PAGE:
Even more painful...
The $100 billion we’ve spent developing fusion reactors which will NEVER be built on a commercial scale.
Just guessing that like me, you donmeaker, have seen “scholarly” position papers like the this from people with exotic names, like Amory, before. One doesn't need to know much about nuclear power or technology to recognize the activist at work.
Of course nuclear plants cost more. It took 15 years from granting of a first phase site license to generate any power from Seabrook in New Hampshire. During those fifteen years (more or less - probably more), New Hampshire taxpayers and private investors were servicing the debt on the loan. The original utility became insolvent and another consortium picked up the loans, which cost New Hampshire residents as they now pay another utility to purchase the electricity they once owned part of. For fifteen years lawyers, working for the US Govt. for Natural Resources Defense Council's legal corporation, and for the utility owners, were being very well paid. Nothing significant was changed by the lawsuits. Seabrook, right on the Atlantic Ocean, has run at around 95% of capacity for almost forty years, and significantly increased the fish population in the bay near the reactor (which already had great fishing, was and is a great place to go for dinner).
The author, clearly not an environmentalist, doesn't mention that no commercial reactor has ever contributed to “greenhouse” gases, or air pollution. She didn't note, as you did, that there has never been so safe an energy technology, or that no one was hurt at Three Mile Island or Fukushima. Thousands were killed in one hydro damn failure, over a thousand when a liquid natural gas shipping facility blew up in Louisiana, and thousands have died falling off of roofs as they tried to fix the leaks caused by plumbing penetrating their residential roofs, or fix their own solar collectors, whether electric or for pre-heating water. Even if nuclear weren't as economically attractive as coal, a small premium for not having to dispose of one train cars of slag for each 1000 Megawatt plant each day, would be well woth it. Ask those who live in Bejing how they feel about living in a soot cloud for hundreds of days each year.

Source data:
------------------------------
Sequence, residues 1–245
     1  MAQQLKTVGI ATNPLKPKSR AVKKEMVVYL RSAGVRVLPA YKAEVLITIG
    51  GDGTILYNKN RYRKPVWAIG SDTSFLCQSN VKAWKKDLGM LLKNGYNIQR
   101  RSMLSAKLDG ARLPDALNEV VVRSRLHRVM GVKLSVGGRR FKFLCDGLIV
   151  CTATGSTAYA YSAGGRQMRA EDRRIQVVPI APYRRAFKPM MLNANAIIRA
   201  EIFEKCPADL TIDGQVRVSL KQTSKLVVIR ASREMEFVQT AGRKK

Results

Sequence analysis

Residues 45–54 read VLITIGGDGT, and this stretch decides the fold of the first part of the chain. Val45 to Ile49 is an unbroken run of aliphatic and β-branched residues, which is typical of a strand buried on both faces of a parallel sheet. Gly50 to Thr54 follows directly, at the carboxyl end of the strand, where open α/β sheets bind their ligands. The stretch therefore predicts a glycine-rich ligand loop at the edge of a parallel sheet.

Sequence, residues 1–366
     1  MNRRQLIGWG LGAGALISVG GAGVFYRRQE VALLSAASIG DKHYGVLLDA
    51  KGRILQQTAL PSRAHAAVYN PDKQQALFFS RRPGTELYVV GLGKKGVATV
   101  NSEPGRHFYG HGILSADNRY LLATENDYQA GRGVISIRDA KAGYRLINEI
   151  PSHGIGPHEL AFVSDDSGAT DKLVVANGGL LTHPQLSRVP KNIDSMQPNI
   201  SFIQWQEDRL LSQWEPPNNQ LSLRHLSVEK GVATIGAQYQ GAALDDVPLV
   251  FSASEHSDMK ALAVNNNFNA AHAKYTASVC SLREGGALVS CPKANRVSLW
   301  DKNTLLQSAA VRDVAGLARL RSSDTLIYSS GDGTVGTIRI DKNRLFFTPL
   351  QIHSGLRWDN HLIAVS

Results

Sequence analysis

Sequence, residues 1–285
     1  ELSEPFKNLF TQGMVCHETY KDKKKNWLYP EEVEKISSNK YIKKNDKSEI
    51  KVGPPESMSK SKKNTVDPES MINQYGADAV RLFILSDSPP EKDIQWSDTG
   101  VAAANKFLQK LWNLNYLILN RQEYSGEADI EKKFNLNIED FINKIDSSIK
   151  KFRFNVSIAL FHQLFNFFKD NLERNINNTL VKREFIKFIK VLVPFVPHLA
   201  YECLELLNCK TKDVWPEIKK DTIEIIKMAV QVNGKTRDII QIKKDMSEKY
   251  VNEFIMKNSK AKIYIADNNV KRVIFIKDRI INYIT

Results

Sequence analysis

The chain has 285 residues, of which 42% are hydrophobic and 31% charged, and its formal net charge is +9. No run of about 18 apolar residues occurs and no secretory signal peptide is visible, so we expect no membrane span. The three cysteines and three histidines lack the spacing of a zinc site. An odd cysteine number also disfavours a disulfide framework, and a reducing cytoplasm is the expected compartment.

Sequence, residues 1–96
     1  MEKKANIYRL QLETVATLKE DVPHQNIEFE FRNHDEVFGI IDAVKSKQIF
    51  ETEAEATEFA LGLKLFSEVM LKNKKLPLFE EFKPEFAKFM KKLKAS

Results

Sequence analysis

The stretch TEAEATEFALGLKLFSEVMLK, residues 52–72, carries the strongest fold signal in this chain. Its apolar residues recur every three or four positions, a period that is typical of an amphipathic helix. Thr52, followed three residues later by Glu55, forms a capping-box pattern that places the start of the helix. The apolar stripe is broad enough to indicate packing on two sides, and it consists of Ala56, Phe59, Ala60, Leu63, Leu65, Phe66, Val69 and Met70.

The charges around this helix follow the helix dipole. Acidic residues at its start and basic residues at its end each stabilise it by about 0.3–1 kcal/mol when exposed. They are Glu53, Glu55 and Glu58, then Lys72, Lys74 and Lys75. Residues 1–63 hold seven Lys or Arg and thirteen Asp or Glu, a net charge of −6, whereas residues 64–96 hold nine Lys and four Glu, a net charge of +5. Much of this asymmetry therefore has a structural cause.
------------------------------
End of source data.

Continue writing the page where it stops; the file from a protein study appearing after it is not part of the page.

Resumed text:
She also ignores the enormous number of reactors, three of which are already on line, planned for construction in China, which has mostly coal, and terrible problems with air pollution. The plan, announced ith 2007, was for 125 new reactors by 2025 (it may have been earlier, but the target will have been dependent upon the economy, which is very much tied to efficient manufacturing). The first three plants are at full power, and were a variant of the original Westinghouse Nuclear design, since sold to Toshiba. The US couldn't manufacture a pressure vessel today, but could buy one from China or Japan, and perhaps Russia.